In short, it's not clear that these numbers would translate to real-world experiences during a full-fledged deployment.
For security, the trial asked the consumer to choose a PIN and was also given three challenge questions: date of birth, postal code and a trial-issued one-time password that was sent—during activation—through SMS.
Among the complaints from participants were the need to have to carry two—or more—phones because most of the higher end consumer devices simply don't directly support NFC. The report reluctantly embraces temporary placeholder options.
"Handset manufacturers have been slow in manufacturing NFC capable handsets," the Citibank report said. "Payments providers should consider and invest in alternatives such as NFC stickers, tags, external sleeves/jackets and especially the NFC-enabled micro SD cards that offer the promise of operating with most phone types, empowering the customer with their choice of the handset and cementing the relationship between the customer and the payment provider."
The study also looked at the kinds of consumers who agreed to participate in the trial and which ones participated the most. The profile included no surprises, especially the fact that many were classified as men between 26 and 35 years old."Bengaluru is a technology hot spot where a large number of ambitious technology-savvy young Indians live and work. The innovative idea of using a mobile phone to make mobile proximity payments caught the imagination of many such customers who signed-up to try it," the report said. "Young, educated urbanites with a natural affinity for advanced gadgetry are natural first adherents to any new technological innovation."
Other than not wanting to carry two phones, the key complaints of participants were that far too few retailers participated and the quality of the phone itself.
As for the shortage of retailers, that's a result of both the limits of any trial and the limits of any new technology. Catch-22: It's hard to get a lot of retailers to sign up when there are very few consumers with NFC devices, and it's hard to get consumers to sign up when there are very few places where they can make NFC purchases.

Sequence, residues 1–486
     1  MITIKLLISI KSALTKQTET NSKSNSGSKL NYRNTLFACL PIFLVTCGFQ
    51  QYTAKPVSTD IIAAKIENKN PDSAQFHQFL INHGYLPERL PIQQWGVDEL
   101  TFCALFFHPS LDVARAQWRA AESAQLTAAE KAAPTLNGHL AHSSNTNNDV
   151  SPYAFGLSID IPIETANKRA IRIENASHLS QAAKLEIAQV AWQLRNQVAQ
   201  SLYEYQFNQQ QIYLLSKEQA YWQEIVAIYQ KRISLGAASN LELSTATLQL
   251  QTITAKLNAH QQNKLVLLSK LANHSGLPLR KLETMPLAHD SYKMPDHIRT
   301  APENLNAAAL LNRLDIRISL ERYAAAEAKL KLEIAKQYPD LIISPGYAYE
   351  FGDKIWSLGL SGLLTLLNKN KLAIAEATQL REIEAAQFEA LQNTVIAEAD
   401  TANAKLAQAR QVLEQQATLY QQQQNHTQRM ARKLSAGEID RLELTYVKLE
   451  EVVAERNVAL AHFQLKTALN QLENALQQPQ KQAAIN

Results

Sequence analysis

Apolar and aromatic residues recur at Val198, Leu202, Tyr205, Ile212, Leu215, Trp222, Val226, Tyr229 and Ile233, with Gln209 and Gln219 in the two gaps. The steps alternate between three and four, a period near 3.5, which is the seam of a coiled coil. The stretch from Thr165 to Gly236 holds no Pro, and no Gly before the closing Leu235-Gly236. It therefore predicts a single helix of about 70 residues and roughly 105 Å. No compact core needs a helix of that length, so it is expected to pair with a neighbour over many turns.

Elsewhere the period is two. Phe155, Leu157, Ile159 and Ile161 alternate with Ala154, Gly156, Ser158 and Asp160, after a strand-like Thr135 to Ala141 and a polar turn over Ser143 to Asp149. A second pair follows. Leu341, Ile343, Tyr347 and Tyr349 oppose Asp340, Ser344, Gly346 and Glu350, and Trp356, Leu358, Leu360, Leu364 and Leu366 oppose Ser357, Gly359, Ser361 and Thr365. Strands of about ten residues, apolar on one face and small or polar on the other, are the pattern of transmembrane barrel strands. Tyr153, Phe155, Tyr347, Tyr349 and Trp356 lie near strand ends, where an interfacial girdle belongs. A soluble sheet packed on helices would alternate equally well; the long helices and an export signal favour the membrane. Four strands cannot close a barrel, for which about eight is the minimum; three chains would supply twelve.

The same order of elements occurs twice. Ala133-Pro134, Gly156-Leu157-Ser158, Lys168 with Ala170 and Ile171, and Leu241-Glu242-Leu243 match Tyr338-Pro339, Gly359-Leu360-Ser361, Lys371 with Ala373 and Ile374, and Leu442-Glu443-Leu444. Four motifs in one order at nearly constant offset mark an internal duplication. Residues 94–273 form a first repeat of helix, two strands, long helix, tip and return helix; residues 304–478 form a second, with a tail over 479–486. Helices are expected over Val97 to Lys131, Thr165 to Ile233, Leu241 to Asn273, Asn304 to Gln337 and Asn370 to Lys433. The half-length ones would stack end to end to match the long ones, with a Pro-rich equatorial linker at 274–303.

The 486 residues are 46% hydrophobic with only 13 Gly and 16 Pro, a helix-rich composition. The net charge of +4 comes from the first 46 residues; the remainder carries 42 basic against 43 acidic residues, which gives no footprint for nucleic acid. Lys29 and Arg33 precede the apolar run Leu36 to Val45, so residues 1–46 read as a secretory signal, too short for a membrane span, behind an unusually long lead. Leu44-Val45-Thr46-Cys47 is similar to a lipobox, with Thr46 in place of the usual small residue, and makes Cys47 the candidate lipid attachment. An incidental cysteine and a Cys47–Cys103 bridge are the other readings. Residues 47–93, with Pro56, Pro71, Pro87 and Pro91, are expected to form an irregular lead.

The most likely breakthrough will be some interested party—Citi and Chase, on the banking front, or perhaps some major carriers or handset manufacturers—funding both sides to artificially increase the numbers until natural momentum (hopefully) kicks in and it can grow organically.
The phone complaints may also be limited to the trial, as it made sense to partner with one particular phone. In a full deployment, there would presumably be quite a range of phone options.
The Nokia unit used in the Bengaluru trial proved, though, to be especially unpopular. "Those who did try to use the Nokia NFC phone to substitute for their regular handset or use it as a replacement handset expressed dissatisfaction with the device," the report said. "Strong negative feedback was received on a variety of phone-related problems."
Among the problems cited: "The Nokia NFC phone hangs up and then suddenly reboots itself, causing disruption and leading customers not to rely on the device for their regular communication needs" and "customers indicated that there were some basic problems with the Nokia NFC handset such as defects with the volume control or the speakerphone."
"All this contributed to the image of forcefully overlaying old furniture with new varnish, of installing new features on an old machine," the report said. "This inhibits the take-up and use of a new product, no matter how useful it may be, as the overall package is perceived to have basic problems that customers no longer have any tolerance for."